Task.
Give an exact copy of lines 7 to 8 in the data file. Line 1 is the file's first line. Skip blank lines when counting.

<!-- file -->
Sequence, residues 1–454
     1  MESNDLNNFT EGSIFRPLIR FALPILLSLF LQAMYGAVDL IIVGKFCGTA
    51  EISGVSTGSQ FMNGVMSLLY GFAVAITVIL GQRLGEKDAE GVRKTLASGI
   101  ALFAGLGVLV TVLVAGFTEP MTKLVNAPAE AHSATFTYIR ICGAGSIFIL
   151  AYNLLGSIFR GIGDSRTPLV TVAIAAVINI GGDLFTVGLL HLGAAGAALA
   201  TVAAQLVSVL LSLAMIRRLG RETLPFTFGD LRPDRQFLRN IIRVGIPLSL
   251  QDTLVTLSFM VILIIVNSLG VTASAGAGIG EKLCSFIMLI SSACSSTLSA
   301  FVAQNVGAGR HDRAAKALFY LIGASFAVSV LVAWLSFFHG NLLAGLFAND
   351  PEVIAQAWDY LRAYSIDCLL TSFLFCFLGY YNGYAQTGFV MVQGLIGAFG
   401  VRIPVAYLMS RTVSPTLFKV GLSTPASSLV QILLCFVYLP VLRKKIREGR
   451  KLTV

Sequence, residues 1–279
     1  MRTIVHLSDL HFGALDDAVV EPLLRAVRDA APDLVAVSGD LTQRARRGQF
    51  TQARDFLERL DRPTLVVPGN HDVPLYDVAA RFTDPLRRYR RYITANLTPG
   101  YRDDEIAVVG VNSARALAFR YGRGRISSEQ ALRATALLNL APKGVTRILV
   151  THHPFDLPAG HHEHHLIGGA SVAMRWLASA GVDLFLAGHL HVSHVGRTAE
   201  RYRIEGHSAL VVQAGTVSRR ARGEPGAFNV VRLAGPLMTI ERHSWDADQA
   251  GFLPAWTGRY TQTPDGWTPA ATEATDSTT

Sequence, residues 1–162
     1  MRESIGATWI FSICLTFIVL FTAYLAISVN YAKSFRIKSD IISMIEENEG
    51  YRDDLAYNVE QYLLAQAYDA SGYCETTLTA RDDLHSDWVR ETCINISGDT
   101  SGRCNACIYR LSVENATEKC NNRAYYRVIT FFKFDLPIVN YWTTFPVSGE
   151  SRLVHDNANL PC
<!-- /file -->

   251  QDTLVTLSFM VILIIVNSLG VTASAGAGIG EKLCSFIMLI SSACSSTLSA
   301  FVAQNVGAGR HDRAAKALFY LIGASFAVSV LVAWLSFFHG NLLAGLFAND